Faith, money and power: what the religious revival means for politics
Contributor(s)Swinburne University of Technology. Faculty of Life and Social Sciences. Institute for Social Research
KeywordsEvans, Andrew (1935-)
Assemblies of God
Costello, Peter (1957-)
Family First Party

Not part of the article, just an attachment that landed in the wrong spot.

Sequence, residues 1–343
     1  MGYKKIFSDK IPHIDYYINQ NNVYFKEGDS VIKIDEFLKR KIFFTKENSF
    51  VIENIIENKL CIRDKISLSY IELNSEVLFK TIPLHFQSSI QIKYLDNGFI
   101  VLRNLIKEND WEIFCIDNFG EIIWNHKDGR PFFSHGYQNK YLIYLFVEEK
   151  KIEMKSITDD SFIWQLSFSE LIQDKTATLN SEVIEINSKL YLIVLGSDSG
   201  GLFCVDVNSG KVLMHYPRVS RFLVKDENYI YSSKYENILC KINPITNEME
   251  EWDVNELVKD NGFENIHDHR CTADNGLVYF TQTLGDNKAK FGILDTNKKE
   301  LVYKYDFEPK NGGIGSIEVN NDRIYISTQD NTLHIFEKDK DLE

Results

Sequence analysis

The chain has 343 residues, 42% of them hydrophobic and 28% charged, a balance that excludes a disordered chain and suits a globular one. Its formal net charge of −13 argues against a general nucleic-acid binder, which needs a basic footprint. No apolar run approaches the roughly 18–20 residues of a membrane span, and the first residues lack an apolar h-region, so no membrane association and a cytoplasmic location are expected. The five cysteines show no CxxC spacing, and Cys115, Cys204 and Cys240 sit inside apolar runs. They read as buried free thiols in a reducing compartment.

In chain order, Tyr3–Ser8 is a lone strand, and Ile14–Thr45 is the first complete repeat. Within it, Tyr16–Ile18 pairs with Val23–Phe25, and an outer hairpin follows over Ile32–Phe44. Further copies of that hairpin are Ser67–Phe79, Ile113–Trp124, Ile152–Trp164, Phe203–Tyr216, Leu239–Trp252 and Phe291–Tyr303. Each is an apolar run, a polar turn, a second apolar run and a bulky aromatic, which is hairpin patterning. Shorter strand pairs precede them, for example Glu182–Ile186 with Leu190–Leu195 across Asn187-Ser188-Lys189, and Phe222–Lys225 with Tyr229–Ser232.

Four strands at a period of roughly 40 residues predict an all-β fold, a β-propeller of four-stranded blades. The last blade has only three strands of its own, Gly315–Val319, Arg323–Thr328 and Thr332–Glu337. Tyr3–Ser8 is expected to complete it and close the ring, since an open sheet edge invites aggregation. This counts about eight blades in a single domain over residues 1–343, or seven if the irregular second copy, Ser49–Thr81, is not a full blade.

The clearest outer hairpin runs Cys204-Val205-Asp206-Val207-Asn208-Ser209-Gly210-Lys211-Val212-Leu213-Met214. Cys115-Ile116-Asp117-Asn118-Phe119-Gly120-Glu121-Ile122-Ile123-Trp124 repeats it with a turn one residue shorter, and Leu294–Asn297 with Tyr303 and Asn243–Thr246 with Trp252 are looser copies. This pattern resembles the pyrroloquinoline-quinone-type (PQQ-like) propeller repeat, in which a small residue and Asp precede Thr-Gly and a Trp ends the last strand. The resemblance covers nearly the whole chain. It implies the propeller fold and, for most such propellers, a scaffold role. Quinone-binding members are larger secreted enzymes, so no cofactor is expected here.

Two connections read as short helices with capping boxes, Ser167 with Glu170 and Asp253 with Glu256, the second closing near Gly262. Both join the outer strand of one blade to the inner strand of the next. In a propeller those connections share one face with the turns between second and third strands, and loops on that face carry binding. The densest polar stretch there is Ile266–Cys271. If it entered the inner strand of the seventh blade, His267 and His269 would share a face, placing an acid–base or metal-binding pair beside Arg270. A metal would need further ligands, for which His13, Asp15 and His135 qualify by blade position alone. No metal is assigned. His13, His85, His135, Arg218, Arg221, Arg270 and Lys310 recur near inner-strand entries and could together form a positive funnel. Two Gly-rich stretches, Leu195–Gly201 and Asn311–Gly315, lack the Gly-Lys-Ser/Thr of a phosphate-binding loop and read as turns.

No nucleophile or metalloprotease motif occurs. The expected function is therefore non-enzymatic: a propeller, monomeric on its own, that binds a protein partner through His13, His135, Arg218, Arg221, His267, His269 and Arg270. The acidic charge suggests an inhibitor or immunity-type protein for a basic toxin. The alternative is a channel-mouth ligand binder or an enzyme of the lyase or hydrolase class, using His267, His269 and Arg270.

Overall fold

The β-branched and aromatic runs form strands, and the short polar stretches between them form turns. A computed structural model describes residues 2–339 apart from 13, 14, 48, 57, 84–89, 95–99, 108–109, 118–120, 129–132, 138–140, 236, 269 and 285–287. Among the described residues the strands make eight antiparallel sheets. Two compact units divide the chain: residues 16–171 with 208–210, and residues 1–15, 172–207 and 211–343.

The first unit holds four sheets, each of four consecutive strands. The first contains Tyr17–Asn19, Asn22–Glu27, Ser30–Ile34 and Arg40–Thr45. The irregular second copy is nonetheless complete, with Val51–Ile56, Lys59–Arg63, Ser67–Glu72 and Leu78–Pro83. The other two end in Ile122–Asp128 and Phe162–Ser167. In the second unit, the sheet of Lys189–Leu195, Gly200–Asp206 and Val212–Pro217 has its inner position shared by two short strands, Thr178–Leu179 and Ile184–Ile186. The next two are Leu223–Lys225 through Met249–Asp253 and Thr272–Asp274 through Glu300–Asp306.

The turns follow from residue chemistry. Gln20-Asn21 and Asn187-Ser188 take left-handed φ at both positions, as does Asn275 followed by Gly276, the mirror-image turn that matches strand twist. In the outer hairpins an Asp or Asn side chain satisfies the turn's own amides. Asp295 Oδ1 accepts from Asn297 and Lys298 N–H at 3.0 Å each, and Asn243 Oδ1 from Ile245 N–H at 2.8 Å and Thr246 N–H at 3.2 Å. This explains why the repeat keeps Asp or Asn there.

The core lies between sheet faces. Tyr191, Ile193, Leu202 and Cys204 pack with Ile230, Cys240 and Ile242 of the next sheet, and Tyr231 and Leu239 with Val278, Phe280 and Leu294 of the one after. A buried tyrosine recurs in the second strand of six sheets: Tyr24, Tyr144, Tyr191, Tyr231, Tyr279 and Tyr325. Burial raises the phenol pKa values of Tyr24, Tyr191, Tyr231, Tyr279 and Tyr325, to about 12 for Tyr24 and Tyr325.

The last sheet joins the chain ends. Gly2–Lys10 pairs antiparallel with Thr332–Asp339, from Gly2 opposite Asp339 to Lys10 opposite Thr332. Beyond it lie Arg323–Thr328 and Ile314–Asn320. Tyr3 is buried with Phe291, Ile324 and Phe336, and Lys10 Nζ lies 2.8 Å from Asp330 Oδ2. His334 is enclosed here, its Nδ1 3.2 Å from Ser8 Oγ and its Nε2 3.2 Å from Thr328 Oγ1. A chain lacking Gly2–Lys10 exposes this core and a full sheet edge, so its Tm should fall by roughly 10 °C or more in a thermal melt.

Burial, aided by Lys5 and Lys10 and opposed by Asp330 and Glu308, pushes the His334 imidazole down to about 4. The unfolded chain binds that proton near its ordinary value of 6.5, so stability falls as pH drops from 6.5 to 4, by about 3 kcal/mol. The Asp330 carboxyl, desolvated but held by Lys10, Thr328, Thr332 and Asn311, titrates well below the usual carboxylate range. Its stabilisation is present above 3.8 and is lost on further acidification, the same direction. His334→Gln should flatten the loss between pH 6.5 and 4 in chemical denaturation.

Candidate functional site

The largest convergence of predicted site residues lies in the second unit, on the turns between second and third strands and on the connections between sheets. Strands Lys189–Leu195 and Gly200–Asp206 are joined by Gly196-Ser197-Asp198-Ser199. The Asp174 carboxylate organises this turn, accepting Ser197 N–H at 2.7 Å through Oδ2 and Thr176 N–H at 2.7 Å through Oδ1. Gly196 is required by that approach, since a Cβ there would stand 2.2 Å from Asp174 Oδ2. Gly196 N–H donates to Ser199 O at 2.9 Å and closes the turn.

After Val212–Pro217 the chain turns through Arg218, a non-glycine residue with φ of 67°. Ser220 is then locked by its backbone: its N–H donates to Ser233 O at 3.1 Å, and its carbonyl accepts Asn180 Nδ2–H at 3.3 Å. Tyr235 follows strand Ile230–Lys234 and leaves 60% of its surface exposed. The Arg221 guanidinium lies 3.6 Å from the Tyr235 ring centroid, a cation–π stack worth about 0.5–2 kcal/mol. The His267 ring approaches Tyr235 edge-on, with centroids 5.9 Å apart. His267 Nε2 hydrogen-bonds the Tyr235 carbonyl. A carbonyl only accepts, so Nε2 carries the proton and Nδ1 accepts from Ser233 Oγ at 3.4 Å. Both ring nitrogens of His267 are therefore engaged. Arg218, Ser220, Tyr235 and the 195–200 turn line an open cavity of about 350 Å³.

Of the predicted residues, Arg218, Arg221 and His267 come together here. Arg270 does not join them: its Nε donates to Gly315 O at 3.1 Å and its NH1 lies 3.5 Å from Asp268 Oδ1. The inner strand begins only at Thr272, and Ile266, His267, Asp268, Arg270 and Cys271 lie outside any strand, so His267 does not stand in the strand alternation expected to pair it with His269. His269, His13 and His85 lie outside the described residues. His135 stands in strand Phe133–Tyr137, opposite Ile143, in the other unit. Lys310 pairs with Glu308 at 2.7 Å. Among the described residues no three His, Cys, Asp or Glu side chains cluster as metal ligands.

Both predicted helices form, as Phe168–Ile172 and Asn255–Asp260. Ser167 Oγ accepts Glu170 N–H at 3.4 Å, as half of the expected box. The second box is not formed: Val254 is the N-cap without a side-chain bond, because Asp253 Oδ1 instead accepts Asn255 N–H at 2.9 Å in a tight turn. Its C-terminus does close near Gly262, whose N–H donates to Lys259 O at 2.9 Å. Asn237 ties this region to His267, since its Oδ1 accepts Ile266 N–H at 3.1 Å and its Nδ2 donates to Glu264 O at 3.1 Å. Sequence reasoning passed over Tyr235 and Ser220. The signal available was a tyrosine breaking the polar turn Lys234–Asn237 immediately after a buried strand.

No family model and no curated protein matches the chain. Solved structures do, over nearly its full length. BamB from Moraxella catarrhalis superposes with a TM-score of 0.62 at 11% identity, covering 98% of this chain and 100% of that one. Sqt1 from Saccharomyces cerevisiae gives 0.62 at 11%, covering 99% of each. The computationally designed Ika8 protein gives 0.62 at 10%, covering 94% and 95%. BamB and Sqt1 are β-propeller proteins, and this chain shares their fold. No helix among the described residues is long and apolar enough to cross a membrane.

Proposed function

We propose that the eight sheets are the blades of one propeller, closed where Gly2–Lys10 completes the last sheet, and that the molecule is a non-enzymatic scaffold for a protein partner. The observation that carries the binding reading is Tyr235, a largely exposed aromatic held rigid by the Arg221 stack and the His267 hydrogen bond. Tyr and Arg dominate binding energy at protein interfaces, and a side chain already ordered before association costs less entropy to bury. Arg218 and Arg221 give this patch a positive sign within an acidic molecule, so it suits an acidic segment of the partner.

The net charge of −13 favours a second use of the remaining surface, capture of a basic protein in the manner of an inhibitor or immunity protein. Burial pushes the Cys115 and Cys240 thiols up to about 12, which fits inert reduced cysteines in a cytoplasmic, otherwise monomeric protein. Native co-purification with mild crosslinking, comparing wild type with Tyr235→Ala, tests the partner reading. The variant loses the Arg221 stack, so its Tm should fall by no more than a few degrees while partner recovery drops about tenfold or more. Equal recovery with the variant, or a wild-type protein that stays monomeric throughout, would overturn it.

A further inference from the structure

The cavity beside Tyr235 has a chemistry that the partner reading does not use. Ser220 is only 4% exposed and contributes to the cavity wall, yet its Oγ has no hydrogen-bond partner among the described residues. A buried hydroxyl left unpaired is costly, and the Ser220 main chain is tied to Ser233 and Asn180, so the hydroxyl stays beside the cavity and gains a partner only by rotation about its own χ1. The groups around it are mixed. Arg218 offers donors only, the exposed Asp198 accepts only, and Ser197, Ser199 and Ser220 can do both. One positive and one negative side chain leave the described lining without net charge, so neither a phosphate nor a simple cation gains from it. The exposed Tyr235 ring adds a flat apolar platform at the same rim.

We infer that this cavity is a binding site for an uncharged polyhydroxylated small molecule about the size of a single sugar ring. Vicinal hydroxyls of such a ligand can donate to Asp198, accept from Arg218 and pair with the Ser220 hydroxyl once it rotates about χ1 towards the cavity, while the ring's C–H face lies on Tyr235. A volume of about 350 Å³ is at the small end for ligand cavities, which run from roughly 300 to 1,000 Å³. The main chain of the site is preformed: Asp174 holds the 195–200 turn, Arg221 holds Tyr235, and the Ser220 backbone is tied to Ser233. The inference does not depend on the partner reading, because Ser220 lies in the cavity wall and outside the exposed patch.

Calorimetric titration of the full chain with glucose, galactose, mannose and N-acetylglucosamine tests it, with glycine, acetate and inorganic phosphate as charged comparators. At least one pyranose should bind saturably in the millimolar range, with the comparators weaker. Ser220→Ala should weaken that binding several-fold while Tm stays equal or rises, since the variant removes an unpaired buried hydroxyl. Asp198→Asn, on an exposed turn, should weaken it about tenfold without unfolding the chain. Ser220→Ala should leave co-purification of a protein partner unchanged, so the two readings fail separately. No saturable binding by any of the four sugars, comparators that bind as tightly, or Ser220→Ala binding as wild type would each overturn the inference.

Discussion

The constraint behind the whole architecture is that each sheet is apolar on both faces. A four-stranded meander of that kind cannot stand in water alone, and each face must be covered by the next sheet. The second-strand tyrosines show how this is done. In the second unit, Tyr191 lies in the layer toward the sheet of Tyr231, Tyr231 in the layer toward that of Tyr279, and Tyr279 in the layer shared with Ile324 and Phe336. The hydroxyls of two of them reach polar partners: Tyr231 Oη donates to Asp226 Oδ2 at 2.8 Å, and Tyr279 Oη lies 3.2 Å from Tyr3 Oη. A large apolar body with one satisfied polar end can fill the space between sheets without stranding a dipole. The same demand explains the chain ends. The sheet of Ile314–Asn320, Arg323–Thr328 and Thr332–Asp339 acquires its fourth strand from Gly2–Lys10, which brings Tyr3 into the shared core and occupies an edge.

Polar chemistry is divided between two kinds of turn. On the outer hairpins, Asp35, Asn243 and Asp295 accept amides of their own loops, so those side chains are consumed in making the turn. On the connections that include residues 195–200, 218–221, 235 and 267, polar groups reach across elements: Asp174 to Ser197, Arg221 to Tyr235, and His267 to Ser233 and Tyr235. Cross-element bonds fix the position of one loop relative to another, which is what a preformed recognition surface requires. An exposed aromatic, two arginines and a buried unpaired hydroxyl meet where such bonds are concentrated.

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AbstractPentecostal religion is the fastest-growing religion in Australia---recording a huge growth at a time when more traditional Christian congregations are shrinking. Award-winning author and journalist Margaret Simons explores the rise of the religious right in Australia, and in particular the influence of the Assemblies of God - the coalition of churches of which Sydney's Hillsong and Adelaide's Paradise Church are prominent members. The Paradise Church spawned the political party Family First. The party's first political candidate, Andrew Evans, was formerly the pastor at Paradise - a position now held by his son Ashley. The Paradise Church is also the home congregation of Guy Sebastian, the first winner of Australian Idol. The Paradise Church has claimed that God has used Sebastian to carry the Assemblies of God message into the entertainment world. Federal politicians, particularly Peter Costello, have gone out of their way to address and appeal to Assemblies of God audiences. Margaret Simons investigates the church's vast financial interests which include a financial services organization offering insurance, investment opportunities and superannuation. Because it is a non-profit organization, it escapes regulation by ASIC. She also explores a number of interesting property transactions, with real estate passing between church organizations and the private interests of pastors attached to the churches. What is the appeal of this brand of Christianity and how is it that individuals and families are drawn to Hillsong and the Paradise Church, and have made their message part of their lives?